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In India, awareness about menstruation before menarche was low, and it is viewed as unclean or dirty in society. In adolescent girls who attained menstruation for the first time, menstrual hygiene management is constrained by social, practical and economic factors such as the expense of sanitary pads, lack of water facilities, lack of private rooms for changing sanitary pads, and limited education about the facts of menstrual hygiene. The practice of good menstrual hygiene reduces the incidence of reproductive tract infections. The aim of the present study was to assess the impact of pharmacist mediated educational program on menstrual hygiene practice. An interventional study was carried out to assess the impact of menstrual hygiene practice on knowledge and practice of menstrual hygiene among adolescent girls in backward areas of Andhra Pradesh, India. A self-administered questionnaire comprises socio-demographic characteristics, knowledge related to menstruation and menstrual hygiene practice was used to collect data. The collected data was analyzed to assess the knowledge related to the menstrual hygiene practice, school attendance during the menstrual period at baseline and after providing education on menstrual hygiene. The present study reveals that 52.52% of the participants had good knowledge about menstrual hygiene. Pharmacist mediated educational program showed great improvement on the practice of menstrual hygiene such as the use of sanitary pads was improved from 40.42% to 93.38%. After educational program school dropouts was greatly declined from 55.32% to 7.33%. Pharmacist mediated program had a positive impact on menstrual hygiene practice, Government of India need to conduct more educational programs on menstrual hygiene management at a community level.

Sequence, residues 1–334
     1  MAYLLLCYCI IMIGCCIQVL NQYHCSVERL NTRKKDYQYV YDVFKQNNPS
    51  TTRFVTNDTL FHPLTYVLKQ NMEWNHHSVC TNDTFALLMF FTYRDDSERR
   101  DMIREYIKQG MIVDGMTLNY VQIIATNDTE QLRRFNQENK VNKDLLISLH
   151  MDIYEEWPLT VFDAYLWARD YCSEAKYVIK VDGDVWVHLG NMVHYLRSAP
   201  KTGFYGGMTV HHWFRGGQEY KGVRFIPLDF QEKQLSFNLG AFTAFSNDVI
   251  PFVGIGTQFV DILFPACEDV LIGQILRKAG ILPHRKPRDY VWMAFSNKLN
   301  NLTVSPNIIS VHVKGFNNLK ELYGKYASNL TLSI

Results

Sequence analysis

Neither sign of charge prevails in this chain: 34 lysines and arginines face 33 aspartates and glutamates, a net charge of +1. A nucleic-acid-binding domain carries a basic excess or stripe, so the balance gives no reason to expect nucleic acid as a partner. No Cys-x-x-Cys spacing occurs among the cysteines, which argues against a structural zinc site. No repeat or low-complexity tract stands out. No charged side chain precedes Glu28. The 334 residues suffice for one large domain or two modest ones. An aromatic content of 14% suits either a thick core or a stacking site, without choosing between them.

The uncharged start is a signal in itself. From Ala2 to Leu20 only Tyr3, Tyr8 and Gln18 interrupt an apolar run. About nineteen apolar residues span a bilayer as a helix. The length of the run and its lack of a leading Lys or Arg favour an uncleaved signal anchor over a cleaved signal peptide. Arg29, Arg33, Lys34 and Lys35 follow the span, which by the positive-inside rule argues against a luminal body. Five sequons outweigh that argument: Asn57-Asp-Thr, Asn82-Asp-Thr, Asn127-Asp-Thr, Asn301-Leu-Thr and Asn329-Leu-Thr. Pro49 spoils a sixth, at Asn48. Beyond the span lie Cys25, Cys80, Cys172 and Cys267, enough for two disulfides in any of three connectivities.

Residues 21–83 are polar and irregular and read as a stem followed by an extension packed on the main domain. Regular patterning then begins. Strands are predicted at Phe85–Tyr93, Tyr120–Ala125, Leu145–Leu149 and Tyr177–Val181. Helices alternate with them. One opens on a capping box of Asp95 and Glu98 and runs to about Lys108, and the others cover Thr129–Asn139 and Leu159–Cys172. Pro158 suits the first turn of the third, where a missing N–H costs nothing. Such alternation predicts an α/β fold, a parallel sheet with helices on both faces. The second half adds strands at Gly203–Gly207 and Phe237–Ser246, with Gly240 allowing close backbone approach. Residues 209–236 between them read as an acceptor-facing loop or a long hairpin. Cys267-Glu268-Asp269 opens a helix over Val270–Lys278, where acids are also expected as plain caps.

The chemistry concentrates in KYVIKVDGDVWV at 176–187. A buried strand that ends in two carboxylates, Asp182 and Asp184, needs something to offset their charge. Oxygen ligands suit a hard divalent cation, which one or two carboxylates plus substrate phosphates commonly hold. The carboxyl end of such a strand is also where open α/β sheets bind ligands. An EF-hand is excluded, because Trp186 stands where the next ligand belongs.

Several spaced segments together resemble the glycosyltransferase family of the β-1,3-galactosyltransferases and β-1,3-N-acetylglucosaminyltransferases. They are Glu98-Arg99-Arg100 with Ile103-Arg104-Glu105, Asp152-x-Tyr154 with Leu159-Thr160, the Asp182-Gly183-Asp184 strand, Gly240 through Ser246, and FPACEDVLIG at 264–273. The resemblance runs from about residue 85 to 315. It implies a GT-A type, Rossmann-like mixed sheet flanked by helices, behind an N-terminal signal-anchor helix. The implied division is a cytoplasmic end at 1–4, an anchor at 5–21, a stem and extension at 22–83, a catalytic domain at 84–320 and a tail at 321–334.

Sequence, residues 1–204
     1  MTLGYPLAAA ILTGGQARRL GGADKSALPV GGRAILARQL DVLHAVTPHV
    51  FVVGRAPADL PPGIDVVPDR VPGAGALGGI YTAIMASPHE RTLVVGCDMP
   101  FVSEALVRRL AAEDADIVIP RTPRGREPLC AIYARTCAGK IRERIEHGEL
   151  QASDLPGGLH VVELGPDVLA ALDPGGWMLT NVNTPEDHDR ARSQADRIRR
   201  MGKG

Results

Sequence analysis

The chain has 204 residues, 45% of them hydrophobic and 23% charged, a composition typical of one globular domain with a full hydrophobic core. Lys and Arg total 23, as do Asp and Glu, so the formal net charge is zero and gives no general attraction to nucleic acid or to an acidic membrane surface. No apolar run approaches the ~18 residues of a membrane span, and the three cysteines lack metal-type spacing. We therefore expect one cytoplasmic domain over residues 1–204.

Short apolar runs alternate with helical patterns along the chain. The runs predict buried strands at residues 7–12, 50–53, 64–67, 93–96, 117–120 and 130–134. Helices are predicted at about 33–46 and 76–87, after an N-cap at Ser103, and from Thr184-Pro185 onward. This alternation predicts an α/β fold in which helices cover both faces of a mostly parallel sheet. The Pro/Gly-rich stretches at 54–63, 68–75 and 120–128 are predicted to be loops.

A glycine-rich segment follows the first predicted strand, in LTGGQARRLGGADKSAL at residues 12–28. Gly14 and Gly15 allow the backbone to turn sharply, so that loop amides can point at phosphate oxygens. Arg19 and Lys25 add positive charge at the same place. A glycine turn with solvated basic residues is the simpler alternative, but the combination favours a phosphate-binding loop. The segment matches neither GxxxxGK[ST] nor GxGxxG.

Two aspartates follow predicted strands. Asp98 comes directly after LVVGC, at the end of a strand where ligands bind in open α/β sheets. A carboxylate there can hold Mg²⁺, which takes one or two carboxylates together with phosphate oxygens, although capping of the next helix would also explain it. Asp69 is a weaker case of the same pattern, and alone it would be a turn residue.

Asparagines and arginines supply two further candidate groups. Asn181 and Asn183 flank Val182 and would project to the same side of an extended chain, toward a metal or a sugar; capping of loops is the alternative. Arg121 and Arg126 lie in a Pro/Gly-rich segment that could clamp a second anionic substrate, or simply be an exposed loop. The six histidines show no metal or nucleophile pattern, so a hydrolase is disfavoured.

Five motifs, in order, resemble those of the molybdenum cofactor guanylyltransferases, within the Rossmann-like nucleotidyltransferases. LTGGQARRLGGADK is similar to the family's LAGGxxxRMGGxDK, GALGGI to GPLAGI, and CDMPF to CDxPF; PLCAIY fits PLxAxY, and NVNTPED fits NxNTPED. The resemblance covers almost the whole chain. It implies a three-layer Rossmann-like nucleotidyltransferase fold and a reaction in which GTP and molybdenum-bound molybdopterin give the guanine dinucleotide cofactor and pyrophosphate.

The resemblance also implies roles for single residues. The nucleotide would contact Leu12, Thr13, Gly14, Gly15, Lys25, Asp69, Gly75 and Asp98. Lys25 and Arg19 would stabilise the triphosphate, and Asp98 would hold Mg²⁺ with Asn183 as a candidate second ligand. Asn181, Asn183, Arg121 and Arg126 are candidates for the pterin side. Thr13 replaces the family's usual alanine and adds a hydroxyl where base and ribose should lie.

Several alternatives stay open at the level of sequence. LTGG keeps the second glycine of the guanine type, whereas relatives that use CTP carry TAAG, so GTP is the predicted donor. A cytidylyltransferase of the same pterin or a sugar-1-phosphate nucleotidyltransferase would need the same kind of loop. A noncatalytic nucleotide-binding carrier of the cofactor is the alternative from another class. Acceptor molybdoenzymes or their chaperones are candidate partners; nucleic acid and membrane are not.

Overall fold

... The treatment of urinary and gynecological conditions, such as renal colic and dysmenorrhea reported in Valencia, could also rely on the antispasmodic action of rutin (1), quercetin (3), and scopoletin (5) [88,89]. ...